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Archive for January 12th, 2023

When I write about fiscal policy, there are two ever-present themes.

And both of these themes can be found in a comprehensive new report issued by the Maine Policy Institute.

The report provides lawmakers with a detailed analysis of the state’s fiscal status and it shows specific spending reforms that would save money and create “fiscal space” for pro-growth tax reforms.

I realize that readers from most places won’t care very much about some of the Maine-specific data, but the report contains some charts that teach a very important lesson that can be applied in other states, as well as in Washington and other national capitals.

Consider, for instance, this chart showing that Maine is getting in trouble because spending in recent years is growing significantly faster than inflation.

The same is true in Washington, except the problem is far worse.

And in other states. And various cities. And other nations.

In other words, governments at all levels and in almost all places have a hard time complying with fiscal policy’s Golden Rule.

That being said, spending caps are a universal solution to this universal problem. Let’s look at Figure 10 from the report, which shows how a TABOR-style spending cap would have produced very good results for Maine.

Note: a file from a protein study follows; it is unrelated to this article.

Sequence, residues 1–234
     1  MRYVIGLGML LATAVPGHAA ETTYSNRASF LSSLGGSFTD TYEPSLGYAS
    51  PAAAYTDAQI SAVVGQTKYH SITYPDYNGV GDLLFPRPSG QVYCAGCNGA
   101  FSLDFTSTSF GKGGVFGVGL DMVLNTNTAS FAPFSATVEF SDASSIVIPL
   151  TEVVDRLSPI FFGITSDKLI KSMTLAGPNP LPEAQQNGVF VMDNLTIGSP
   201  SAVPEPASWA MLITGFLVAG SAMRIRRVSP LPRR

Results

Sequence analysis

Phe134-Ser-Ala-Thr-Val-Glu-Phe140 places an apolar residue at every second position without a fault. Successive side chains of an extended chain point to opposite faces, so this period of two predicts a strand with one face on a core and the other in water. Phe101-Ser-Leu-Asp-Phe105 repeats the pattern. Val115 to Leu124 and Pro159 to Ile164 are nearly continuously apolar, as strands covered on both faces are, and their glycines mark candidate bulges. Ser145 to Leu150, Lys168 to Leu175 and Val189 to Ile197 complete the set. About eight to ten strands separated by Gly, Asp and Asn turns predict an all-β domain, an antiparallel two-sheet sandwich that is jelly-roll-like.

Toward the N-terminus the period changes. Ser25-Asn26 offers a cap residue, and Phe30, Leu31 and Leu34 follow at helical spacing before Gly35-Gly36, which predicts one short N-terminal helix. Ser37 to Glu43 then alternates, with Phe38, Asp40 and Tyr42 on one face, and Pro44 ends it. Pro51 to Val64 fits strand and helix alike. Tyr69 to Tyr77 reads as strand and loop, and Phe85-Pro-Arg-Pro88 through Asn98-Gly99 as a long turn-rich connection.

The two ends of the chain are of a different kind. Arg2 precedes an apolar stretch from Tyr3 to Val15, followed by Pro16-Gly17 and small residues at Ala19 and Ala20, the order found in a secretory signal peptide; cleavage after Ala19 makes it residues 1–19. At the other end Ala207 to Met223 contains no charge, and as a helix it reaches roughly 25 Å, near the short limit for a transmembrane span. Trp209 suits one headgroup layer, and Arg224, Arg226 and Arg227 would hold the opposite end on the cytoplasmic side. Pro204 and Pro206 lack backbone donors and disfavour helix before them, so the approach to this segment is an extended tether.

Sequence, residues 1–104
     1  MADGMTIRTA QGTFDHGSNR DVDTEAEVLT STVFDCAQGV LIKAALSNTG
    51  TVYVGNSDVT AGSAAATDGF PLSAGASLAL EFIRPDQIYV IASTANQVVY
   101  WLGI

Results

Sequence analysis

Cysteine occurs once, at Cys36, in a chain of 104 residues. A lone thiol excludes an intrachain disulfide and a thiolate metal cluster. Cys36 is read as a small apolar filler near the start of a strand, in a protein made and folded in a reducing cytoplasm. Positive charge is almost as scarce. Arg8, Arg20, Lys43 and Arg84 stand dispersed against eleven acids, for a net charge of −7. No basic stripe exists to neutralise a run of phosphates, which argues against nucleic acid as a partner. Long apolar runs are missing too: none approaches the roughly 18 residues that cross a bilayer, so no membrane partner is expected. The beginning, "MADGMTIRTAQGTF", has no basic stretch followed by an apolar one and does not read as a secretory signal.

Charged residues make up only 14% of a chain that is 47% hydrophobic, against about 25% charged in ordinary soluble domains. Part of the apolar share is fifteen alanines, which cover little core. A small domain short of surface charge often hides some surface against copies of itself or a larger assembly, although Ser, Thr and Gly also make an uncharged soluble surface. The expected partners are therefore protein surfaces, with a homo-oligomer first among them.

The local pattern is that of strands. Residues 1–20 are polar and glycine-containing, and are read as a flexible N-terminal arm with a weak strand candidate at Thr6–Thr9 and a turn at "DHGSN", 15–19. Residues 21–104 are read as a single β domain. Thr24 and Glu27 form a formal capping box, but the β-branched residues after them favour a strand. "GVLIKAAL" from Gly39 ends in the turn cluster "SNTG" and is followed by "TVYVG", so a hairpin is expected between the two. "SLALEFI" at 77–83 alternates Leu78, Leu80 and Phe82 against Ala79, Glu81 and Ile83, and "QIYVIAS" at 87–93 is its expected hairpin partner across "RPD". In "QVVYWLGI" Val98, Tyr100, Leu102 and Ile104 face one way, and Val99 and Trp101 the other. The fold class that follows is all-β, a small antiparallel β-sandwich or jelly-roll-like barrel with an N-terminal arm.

Once again, we can take this information and apply it very broadly.

A spending cap is the smart and effective way of dealing with irresponsible fiscal policy at all levels of government.

For instance, Switzerland is well know for its spending cap, known as the debt brake. This approach has yielded very good results for the nation’s finances, but less well know is the fact that many subnational governments in Switzerland’s federalist system have their own versions of a spending cap.

The bottom line is that good fiscal policy is universally applicable. And spending restraint is a necessary precondition for that to happen.

P.S. Some people ask whether a balanced budget amendment would be better than a spending cap. This question gives me an excuse to share one more chart from the study. As you can see from Figure 9, annual tax revenues are very unstable. Sometimes they grow rapidly, sometimes they grow slowly, and sometimes they actually shrink (and the same thing is true in Washington).

This means that a balanced budget requirement is very difficult to enforce and often does not produce good results. During boom years, when revenue is rapidly increasing, politicians have too much leeway to increase spending. And during downturns, when revenue if stagnant or falling, politicians claim that spending restraint would be too difficult and they raise taxes instead.

The advantage of a spending cap is that it targets the real problem of spending (rather than the symptom of red ink). Moreover, politicians are subject to a rule that is much easier to enforce (increasing spending by, say, 2 percent every year is very straightforward compared to the wild swings in spending that occur with a balanced budget rule).

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